The English empire engaged in planned military, religious and political conquests that elevated Protestantism in the American colonies during the years 1689-1690. During 1688, Lord Churchill’s military coup sparked a pursuit of religious and political dominance in England, and such a pursuit carried over into the colonies in America. As such, the military was a portal into political positions for soldiers. Furthermore, the English empire engaged in stringent military training, employed political positions based upon a system of meritocracy, and carried out the endeavors of the Crown nearly a century before the onset of the American Revolution.
According to known historian Charles M. Andrews, the American colonies were not the result of a planned English conquest. Additionally, Mr. Andrews further asserted that England became one of the world’s greatest colonizing powers without any “fixed policy, in fact, without any clear idea of what she and her people were doing.” However, to the contrary, the English empire has an extensive military history that rests upon a system of meritocracy; in fact, the military used planned tactics, combined with the support of the local provincial soldiers, to gain control of Boston and Maine during 1689.
The English empire used garrison government as a system that placed skilled soldiers into high-ranking military and political positions in England and America. The English empire was a combative body that used military garrisons as a representation of strength and organization to intimidate outside forces and enforce domestic order. The English empire used garrison government because it was a system that produced military and political dominance in pursuit of religious and imperialistic endeavors throughout Britain and the English colonies. “The army was the forceful and administrative foundation of the nation-state and its American empire.”
King James underestimated the religious conscience of his military. As a result, during December 1688, the military coup of Lord John Churchill exiled Catholic King James of England and placed Dutch Protestant Prince William as the new king of England. As a result of Lord Churchill’s planned military coup in England, the provincial soldiers across the Atlantic Ocean, in the American colonies, engaged in rebellion in support of Prince William.
The relationship King James held with France and Catholicism was a threat to the Anglican monopoly of public life in England; still, Lord Churchill had hoped the coup would only force reform on King James, but, instead, the military coup exiled King James to France. As such, Lord Churchill wanted to protect the American empire against France, and he requested King William to “protect the American empire and authorize retaliation against the French.” By order of King William, the English would “harvest whatever the war won in America.”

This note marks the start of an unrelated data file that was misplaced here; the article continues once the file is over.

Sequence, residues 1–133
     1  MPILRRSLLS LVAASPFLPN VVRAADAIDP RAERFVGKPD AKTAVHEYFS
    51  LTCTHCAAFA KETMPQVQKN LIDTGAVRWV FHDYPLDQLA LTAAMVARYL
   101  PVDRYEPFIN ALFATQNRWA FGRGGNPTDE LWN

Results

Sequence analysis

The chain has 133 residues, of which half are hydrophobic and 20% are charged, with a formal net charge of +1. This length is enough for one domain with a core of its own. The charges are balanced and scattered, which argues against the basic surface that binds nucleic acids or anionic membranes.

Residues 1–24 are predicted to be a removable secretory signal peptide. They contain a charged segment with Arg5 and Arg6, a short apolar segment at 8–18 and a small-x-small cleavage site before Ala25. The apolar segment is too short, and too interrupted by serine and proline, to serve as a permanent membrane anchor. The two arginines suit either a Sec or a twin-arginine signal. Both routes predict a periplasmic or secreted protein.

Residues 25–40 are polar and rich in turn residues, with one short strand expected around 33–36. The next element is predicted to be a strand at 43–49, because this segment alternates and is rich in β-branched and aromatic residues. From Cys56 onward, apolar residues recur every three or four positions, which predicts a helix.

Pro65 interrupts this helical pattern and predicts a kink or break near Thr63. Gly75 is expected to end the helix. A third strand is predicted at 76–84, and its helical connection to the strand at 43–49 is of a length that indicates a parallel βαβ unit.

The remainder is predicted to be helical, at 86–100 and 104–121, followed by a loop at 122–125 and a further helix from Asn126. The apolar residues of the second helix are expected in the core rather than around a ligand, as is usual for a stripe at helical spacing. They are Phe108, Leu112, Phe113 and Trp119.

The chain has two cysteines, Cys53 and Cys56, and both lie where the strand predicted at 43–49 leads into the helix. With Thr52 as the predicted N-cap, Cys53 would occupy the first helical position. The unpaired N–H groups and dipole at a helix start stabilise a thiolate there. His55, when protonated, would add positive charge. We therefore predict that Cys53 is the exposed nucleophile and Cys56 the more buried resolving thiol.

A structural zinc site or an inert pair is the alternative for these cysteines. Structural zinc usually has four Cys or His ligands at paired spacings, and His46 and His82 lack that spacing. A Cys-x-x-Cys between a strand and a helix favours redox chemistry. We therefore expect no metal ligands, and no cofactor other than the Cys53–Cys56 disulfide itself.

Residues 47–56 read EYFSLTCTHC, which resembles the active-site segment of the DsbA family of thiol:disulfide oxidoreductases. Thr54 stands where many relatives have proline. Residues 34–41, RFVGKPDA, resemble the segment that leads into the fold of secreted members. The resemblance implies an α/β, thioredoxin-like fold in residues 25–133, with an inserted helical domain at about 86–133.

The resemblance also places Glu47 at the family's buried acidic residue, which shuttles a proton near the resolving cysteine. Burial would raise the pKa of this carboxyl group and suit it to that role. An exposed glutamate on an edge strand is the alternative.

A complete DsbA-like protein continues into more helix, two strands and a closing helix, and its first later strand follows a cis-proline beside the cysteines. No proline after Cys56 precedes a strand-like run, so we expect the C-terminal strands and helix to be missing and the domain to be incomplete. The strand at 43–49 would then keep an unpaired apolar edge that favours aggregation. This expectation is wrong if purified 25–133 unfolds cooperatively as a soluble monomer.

During 1688, the provincial soldiers in Boston and Maine questioned, what they perceived as, suspicious leadership from the governor-general of New England, and viceroy of King James, Sir Edmond Andros. The provincial armies questioned the direction of governor-general Andros, due to the relationships Sir Andros held with the Indians and King James, and they feared the governor-general was setting them up for a French-Indian sabotage. The provincial soldiers believed governor-general Andros was involved in the popish plot, and was ambitious to serve French interests, alongside King James, to ruin New England. When Sir Edmond Andros left for Boston during 1689, he lost control of the Massachusetts provincials and they mutinied.
Once Boston received news from England that Catholic King James had been ousted and replaced by Protestant Prince William, the provincial armies incited rebellion and pursued all Catholic leaders put into leadership roles by King James. After the “Boston mob stormed King’s Chapel and stripped it bare,” Beacon Hill hoisted an orange flag that alerted approaching militia that the city had “fallen to the cause of the Prince of Orange.”
The military prowess of Lord John Churchill raised his status from soldier to English aristocrat, as he received the title of earl of Marlborough. The English army embodied military and political prowess that dominated and conformed the American colonies into the imperial, political and religious system that Churchill envisioned for the English empire. This was a system that replicated the Anglican belief in the Church of England.
As such, the communities in America were influenced by the military, political and religious conquests of the English army. Several soldiers were promoted in their rank to governor-general based on their military skill. They commanded such places as New York and New Jersey.